To birthdays, age and enthusiasm


A lesson learned working in the world: age. Here in the United States, our sense of age shifts and changes depending on the community around a person.

A lesson learned working in the world: age. Here in the United States, our sense of age shifts and changes depending on the community around a person. In the southwest, invitations are often sent out for the quinceanera, the official recognition of a young woman in her 15th year. Flashy, joyful and colorful celebrations ensue as a new member of the community is welcomed into the real world.

There’s the cotillion, where Southern beauties debut as ready for the adult world. There are many more. They mark milestones of survival, achievement, and moments in a lifetime. Long before these begin, there is the question of birth.

How old are you at birth? Today most of the formats adopted by the general society say that a day of childbirth is the beginning of a new life. Three hundred and sixty-five days later, a child is one year old and thinking of growing old. In Korea, a child born is already considered one year old. Then, on the first day of January following the birth of a child, that baby is now a year older. So you can be born on December 31 and turn two the next day. There are plenty of teenagers in town who would love this method of bookkeeping. In their national legislature, this issue is debated. What is the correct age of a person? Which applies for the purposes of the law? This is still debated.

It’s an age-old question: How old are we? There are those of us who are still 29, even though twice as many years have passed. Birthdays are to be celebrated. A person survived another year – another year in which fate did not conspire to interfere with life to the fullest.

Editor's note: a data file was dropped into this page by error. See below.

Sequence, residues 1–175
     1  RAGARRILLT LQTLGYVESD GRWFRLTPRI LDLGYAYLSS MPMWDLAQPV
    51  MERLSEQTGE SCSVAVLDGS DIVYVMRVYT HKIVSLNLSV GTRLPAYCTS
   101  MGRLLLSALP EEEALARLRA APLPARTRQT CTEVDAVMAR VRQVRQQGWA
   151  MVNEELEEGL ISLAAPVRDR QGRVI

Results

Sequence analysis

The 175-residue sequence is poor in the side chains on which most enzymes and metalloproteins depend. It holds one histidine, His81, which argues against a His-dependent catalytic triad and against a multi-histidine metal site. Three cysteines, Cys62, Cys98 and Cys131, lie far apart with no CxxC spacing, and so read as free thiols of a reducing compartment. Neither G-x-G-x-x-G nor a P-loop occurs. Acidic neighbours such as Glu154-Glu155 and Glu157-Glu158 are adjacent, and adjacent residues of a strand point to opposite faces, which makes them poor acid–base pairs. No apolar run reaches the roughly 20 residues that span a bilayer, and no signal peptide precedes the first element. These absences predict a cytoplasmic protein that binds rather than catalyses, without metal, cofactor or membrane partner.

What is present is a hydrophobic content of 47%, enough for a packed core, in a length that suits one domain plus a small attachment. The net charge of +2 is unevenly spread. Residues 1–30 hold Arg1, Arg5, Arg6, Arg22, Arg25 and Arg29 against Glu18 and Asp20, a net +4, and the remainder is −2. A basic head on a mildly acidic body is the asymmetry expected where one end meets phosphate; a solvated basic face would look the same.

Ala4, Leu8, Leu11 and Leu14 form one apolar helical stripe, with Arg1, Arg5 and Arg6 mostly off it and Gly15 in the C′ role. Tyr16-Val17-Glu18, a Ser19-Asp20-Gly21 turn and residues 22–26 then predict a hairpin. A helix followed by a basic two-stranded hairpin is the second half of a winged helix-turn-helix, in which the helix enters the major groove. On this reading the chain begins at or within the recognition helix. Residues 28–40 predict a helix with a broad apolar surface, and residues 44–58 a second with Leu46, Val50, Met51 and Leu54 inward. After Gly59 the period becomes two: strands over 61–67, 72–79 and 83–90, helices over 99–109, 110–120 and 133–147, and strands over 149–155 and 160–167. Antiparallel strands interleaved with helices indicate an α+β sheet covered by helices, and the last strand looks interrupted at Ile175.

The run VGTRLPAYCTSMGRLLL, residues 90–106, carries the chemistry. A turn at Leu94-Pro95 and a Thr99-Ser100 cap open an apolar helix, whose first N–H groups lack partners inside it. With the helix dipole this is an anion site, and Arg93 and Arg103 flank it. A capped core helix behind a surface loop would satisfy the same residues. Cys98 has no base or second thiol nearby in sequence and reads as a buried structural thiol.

Such a time is near. By a stroke of luck and birth, this big day will fall this year on May 8, Mother’s Day. Mothers – our help in times of scraped knees, crushed noses and the inevitable mending of broken hearts and joyful moments of discovery, mothers are the balm to a world that can be wicked.

Even the dinosaurs celebrated Mother’s Day. The record of their custom now feeds our industries. But that is very old history. Living history is so much clearer. We can actually see the people involved.

On this Mother’s Day, May 8, at 1 p.m., the Haystack Historical Society of Mapleton will celebrate one of its founding members who enriched community spirit and gave it a strong foundation for a bright future. Still going strong after about 33,164 days filled with interesting moments, this mom will rejoice in the accomplishments of discovery, innovation, and the sheer joy of having taken this step on the path to a life well lived. Dana Allison will be there to meet families, friends, neighbors who made these days interesting. It will be a day to forget age and simply enjoy the glory of life, well lived and always celebrating.

May 8 will be a day of celebration as we celebrate all moms and the stories they bring to us. Quite a feat.

Orpheus Allison is a county-based photojournalist who graduated from UMPI and has a master’s degree in liberal arts from the University of North Carolina. He began his career as a journalist on WAGM television, later working in many parts of the United States. After 20 years of television, he changed careers and taught in China and Korea.

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